William Wilcke, Professor and Extension Engineer
Deborah Hansen, Information Technology Professional
Christy McKibben, Principal Administrative Specialist
Vance Morey, Professor
Colleen Cannon, Assistant Professor, Entomology
The objective of this program is to help managers of crop drying and storage systems (this includes farmers and other agribusiness personnel) increase profitability, improve product quality, and reduce energy use through selection of appropriate post-harvest equipment and proper management of that equipment.
We distributed timely postharvest crop management information through press releases, e-mail notices to Extension Educators, radio interviews, articles written for Minnesota/Wisconsin Engineering Notes, and through our departmental website (http://www.bae.umn.edu/extens/postharvest). We developed a new Extension factsheet, Grain Storage Tips: Factors and Formulas for Grain Drying, Storage and Handling, FS-M1080, that was downloaded more than 2800 times from the Extension website and was distributed via paper copies to dozens of other individuals. We also participated in workshops and field days, and we responded to many individual requests for information by phone, letter, and e-mail. We worked with Extension personnel, farmers, agribusinesses, consultants, and equipment dealers.
Unusually warm average temperatures contributed to more problems with stored grain insects than normal in 2001 grain that was stored through the summer of 2002. We wrote news releases and fielded a number of questions about management of stored grain insects. Our emphasis was on using grain and facility management techniques that minimized the need for chemical insecticides. After several consecutive years of ideal weather conditions at harvest, weather during the 2002 corn and soybean harvest was unusually cold and wet, and for many farmers, harvest extended well into November. We wrote articles and answered many questions about harvesting, drying, and managing stored corn and soybeans during cold, wet weather.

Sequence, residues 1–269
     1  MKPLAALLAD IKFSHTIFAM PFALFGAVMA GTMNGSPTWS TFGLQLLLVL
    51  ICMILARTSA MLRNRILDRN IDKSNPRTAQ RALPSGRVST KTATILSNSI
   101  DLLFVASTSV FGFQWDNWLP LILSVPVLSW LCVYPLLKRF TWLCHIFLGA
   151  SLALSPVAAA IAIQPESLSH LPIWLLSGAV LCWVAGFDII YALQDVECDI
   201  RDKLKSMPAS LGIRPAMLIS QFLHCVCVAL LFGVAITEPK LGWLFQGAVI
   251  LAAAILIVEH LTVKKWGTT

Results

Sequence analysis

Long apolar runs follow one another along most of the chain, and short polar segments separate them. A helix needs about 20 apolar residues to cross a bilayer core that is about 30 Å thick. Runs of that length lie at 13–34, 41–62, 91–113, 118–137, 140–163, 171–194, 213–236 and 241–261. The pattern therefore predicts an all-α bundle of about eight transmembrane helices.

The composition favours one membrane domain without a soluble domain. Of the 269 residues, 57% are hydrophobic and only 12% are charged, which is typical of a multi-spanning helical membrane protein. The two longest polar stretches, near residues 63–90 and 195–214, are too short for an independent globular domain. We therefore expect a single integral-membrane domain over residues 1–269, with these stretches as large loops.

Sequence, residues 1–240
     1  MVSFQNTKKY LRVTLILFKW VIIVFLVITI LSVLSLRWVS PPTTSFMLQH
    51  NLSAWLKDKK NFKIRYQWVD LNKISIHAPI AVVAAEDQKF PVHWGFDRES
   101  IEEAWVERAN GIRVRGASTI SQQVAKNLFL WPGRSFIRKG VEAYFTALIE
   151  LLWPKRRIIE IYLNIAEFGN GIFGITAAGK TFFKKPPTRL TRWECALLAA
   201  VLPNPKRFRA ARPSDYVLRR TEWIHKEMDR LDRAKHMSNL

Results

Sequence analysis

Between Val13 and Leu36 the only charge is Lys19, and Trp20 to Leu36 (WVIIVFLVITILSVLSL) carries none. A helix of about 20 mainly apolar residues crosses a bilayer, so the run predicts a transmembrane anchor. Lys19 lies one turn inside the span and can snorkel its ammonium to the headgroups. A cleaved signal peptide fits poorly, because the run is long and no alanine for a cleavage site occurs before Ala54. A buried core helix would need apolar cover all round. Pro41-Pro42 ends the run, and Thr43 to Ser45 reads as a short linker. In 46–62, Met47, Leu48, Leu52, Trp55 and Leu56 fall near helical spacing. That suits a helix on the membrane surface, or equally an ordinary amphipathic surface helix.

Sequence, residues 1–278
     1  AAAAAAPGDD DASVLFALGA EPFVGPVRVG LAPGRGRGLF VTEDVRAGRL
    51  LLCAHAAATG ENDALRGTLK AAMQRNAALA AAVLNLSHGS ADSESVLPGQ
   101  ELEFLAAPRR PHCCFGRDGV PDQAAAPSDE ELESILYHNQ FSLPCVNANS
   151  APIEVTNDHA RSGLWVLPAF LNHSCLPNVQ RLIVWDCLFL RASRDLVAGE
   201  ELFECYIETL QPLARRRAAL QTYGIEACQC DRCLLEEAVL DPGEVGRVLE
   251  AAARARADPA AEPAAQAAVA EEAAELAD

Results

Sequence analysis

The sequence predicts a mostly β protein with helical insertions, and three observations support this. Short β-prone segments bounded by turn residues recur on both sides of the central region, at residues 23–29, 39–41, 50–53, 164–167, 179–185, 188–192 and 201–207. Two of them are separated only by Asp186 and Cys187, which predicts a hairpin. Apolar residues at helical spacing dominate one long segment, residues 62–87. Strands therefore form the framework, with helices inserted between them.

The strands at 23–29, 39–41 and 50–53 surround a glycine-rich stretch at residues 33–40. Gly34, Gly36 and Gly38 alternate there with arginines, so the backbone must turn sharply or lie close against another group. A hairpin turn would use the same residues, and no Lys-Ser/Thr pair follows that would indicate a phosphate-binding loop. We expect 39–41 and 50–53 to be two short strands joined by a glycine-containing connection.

Due to increased concern about genetically modified crops in the food supply and due to increasing acreages of value-enhanced crops, farmers and elevators are becoming more interested in identity preservation of crops. We gave presentations and distributed information on identity preservation, we continued to update a page on identity preservation on our departmental website, and we helped individual farmers plan grain handling systems that would allow for identity preservation.
We helped thousands of farmers and other grain handlers in the upper Midwest improve profitability and safety by providing information about managing stored grain to minimize insect infestation, managing grain during a cold, wet harvest, and about post-harvest handling of value-enhanced crops.